If you were to do likewise for the entire sides of the Miata you'd gain even more.GM measured improvements this way with its Trans AM Firebird.

caferacer51 03-04-2011 02:19 PM

Thanks all for the replies and info.

Think I'm gonna make a more polished version from better materials.

Will have a think what I can do with the rear wheels? Not sure I fancy fully faired in. But something similar to the front?

SoobieOut 03-04-2011 02:37 PM

Great Idea. I was wondering is Lexan a trade name? I saw some Lexan on sale at Lowes and it says it 10 times stronger than plexaglass.

Does anyone have experience with using Lexan?

fjasper 03-04-2011 04:09 PM

Lexan is a trademarked name for polycarbonate sheet. It's softer & scratches more easily than Plexiglas (a trademarked name for acrylic sheet), but it has much better impact resistance than plexi.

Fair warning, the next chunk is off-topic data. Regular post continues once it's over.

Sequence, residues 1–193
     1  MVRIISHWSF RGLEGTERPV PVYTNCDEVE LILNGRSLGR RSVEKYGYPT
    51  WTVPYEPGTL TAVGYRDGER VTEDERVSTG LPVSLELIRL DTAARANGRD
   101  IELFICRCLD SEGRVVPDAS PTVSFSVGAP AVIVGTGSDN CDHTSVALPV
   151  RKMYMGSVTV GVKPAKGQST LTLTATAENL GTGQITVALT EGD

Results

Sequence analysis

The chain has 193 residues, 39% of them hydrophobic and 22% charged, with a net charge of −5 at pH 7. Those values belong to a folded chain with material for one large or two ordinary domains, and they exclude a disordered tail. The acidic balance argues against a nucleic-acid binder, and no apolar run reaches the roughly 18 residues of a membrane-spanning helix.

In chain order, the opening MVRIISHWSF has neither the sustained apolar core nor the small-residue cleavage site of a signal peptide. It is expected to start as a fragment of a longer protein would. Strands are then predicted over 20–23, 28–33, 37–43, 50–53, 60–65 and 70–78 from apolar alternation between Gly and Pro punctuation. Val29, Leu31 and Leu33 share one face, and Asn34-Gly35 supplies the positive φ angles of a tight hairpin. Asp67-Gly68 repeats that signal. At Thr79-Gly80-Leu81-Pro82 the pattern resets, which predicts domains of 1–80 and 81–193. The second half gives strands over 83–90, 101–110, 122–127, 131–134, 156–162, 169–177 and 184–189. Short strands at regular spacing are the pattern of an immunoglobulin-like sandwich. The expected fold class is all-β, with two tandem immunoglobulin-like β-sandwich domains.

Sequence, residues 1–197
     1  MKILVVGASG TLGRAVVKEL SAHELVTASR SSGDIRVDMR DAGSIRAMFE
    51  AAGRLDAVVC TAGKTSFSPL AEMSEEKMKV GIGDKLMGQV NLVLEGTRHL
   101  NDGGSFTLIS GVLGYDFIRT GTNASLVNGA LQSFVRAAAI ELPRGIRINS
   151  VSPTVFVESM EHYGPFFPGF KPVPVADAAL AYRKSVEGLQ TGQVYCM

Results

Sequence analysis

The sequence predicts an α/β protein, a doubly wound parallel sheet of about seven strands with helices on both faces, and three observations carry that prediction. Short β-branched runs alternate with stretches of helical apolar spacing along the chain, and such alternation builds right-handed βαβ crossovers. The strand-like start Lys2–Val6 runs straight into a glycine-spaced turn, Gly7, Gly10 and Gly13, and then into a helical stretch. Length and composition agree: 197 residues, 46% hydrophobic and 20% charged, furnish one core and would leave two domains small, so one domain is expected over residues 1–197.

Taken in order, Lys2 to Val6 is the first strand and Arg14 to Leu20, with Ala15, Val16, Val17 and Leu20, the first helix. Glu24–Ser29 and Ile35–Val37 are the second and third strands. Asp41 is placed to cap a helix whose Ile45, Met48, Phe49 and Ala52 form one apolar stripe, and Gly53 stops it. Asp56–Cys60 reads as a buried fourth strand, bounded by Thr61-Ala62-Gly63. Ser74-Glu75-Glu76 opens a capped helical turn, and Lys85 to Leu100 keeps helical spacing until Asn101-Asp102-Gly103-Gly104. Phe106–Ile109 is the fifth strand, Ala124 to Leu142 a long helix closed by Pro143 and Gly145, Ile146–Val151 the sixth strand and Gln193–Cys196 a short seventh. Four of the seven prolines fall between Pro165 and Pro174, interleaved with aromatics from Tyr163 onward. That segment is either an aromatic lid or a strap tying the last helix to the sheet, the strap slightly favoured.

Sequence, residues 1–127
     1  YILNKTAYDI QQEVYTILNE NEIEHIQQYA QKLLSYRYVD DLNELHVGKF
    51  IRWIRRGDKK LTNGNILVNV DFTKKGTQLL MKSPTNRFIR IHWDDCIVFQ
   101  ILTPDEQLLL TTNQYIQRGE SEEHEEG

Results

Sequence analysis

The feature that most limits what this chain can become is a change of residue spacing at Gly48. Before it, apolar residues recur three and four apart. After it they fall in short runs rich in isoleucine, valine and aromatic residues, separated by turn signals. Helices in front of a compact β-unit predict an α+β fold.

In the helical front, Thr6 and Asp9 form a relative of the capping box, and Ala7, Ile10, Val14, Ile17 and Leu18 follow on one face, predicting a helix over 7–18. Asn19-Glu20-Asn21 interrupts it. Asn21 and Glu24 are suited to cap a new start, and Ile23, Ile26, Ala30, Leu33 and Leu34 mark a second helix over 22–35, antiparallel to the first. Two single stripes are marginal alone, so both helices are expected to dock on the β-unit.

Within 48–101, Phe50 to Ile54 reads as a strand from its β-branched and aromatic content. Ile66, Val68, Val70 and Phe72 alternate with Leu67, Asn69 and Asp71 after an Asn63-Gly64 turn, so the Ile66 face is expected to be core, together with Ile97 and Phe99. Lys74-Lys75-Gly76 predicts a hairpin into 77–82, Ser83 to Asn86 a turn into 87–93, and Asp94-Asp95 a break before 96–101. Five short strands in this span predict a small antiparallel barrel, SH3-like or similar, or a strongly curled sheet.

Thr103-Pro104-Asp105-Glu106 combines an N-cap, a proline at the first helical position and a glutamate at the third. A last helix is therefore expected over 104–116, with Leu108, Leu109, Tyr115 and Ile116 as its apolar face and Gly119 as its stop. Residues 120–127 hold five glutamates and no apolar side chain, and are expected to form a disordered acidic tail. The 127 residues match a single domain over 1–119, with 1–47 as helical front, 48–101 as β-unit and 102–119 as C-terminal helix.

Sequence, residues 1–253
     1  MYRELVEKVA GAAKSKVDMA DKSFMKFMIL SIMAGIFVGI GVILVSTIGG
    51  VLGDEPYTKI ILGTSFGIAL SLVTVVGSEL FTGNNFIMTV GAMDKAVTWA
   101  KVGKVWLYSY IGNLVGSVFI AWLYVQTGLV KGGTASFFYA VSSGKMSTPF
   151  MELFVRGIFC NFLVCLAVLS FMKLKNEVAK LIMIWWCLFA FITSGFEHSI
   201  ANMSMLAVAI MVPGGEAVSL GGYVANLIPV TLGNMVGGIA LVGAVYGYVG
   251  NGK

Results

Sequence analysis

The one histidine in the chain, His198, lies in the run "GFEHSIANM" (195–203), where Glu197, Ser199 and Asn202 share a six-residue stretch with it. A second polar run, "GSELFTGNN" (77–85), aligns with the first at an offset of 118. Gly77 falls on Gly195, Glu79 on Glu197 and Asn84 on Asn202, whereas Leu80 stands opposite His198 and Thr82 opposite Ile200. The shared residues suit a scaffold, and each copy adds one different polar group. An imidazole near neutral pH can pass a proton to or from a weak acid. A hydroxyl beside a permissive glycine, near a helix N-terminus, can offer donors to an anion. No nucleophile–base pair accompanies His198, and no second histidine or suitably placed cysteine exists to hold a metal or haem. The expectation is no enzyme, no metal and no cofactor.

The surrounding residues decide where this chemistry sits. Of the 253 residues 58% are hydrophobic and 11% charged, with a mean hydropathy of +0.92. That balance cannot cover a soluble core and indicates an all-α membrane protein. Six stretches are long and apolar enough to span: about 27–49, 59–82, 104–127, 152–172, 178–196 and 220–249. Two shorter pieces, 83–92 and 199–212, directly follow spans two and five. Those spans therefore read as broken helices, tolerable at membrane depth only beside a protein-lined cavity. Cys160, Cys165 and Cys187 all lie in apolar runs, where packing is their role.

On a different note, I'll be interested to see how the Miata project goes. I think there's some real potential for hypermiling the Miata.

I'm planning to put a grill block and belly pan on mine, and maybe some removable fairings around the wheel openings. Maybe I could justify buying a Speedster tonneau cover on fuel efficiency grounds.

There are so many options for body kits, it might be possible to find some that are aerodynamically good, or that could be used as foundation for good shaping.


All times are GMT -4. The time now is 04:40 AM.

Powered by vBulletin® Version 3.8.11
Copyright ©2000 - 2020, vBulletin Solutions Inc.
Content Relevant URLs by vBSEO 3.5.2
All content copyright EcoModder.com